For the defence sector, the FM proposed to allocate Rs 2.74 Lakh Cr (including cap expenditure) but excluding pension, which would be approx Rs 90,000 Cr extra. This means a 10% increase in the capital outlay with only 6.2% increase in the overall budget from Rs 2.58 Lakh Cr last year. A modest hike in allocation indicates that defence spending continues to remain even this Government’s lower priority area. This hike is unlikely to cater for major weapons purchases and may barely meet inflationary pressures, rupee depreciation and the imposition of customs duty on military imports from last year. Despite the recommendation of defence ministry that the spending should be 2.5% of the GDP, the FM has decided to peg the defence budget at 1.62% of the GDP. Nevertheless, he has proposed to develop a centralized defence travel system for the convenience of defence personnel and establish a web based centralized pension distribution system for the ex-servicemen.
Prior to the presentation of the budget, the President, Mr Pranab Mukherjee, kick started the budget session by addressing both houses of the parliament on 31 Jan. He stressed on financial inclusion, social schemes and women power. Thereafter, the government tabled the deeply and innovatively researched Economic Survey Report 2017. The report highlighted the seven major reformist achievements of the government this year, namely, GST, Bankruptcy Bill, Monetary Policy Committee, Aadhar Bill, FDI liberalisation, Unified Payment Interface (UPI) interoperability and making the ‘M’ in JAM (Jan Dhan, Aadhar and Mobile) a reality, and promoting labour-intensive sectors. The survey noted that Indian economy had strong fundamentals substantiated by its key growth indicators (see figure alongside) and declining current account deficit (declined 0.3% in first half of the current fiscal year). The budget speech of the FM also pegged the fiscal deficit at 3.2% for the next year and a rise in the capital expenditure by 24%.
Although the budget received thumbs up from the Indian market with the Sensex gaining 485 points, maximum after any budget so far, and US industry groups calling it ‘forward-looking’, as always, it drew mixed reactions from political parties, economists and the society. The budget was deliberately mute on the effects of demonetization except a passing reference that it helped to increase the tax revenue by 34%. As promised by the FM, it failed to ‘honor the honest taxpayer’ and instead levied surcharge on existing HNI taxpayers. While mentioning that out of 1.2 billion Indians, only 24 Lakh file returns of above Rs 10 Lakh and only 1.73 Lakh of above Rs 50 Lakh it also failed to widen the tax base. Although it was pro-poor and pro-rural, it failed to meet the farmer’s expectation of loan waiver. Further, it did not address the looming demographic nightmare of millions of unemployed youth. It also did it not address urban area development that houses 40% of India’s population. It even missed the opportunity to create a state-owned asset reconstruction company, Public Sector Asset Rehabilitation Agency (PARA), as suggested by the economic survey report to address the bad debts of the banks due to the festering twin balance sheet problem.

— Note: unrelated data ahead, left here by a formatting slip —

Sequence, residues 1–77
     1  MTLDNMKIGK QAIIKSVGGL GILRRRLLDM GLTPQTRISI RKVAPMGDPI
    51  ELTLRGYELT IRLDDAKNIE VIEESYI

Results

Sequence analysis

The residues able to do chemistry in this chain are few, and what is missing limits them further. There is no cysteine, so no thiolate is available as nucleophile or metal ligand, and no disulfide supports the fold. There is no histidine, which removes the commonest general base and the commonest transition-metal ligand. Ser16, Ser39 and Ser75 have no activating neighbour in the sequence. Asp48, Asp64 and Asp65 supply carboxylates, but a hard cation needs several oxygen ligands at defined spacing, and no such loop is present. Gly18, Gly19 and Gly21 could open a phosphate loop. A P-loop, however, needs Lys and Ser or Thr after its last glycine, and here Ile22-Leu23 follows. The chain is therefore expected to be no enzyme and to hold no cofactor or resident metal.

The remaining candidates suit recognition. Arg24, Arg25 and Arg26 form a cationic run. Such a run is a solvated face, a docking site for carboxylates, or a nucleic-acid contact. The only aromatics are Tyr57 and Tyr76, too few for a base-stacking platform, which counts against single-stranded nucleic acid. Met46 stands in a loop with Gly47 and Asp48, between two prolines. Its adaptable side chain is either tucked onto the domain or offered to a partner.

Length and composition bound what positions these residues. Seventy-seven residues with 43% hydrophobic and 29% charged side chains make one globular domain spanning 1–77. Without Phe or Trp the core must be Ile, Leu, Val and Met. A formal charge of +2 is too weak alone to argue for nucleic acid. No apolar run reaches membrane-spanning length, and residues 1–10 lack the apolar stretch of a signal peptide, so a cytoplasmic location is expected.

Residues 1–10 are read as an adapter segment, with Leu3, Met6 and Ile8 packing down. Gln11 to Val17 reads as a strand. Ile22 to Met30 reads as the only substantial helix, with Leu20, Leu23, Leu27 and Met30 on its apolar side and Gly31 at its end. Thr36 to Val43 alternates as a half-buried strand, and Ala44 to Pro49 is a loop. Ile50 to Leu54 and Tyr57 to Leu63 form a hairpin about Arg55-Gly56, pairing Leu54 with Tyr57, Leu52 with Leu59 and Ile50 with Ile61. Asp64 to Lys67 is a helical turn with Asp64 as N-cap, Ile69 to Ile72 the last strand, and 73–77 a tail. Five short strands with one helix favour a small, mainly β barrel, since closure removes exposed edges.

The budget is balanced, consistent with the Government’s developmental agenda, and indicative of its fiscal prudence and consolidation. Nevertheless, it is only a cog in the wheel for India’s economic growth and emergence as the fastest growing economy. Hereafter, to propel Indian economy, the Government could or should implement some or all of the measures suggested herein. To widen the tax base, it could levy a banking transaction tax and consider bringing the large agrarian community under some sort of tax obligation. A suitable welfare measure is to introduce the Universal Basic Income (UBI) by subsuming all subsidies into it or give citizenry the option to either avail the UBI or the existing subsidies. The next big challenge for the Government is to roll out the GST on schedule and the FM leaving excise and other duties untouched is a pointer towards it. In view of Trump’s protectionist and isolationist policies and consequential global economic uncertainties, building global competitiveness into the Indian economy by reducing inspector raj and tax terrorism, strategic divestment and liberalizing foreign inflow will augur well for it, which the FM has already signaled with the abolition of FIPB. Last but not the least, implementation and usage of all that the FM allocated and promised in this budget is the key to growth of the economy and BJP’s return to power in 2019 because the proof of the pudding is in its eating.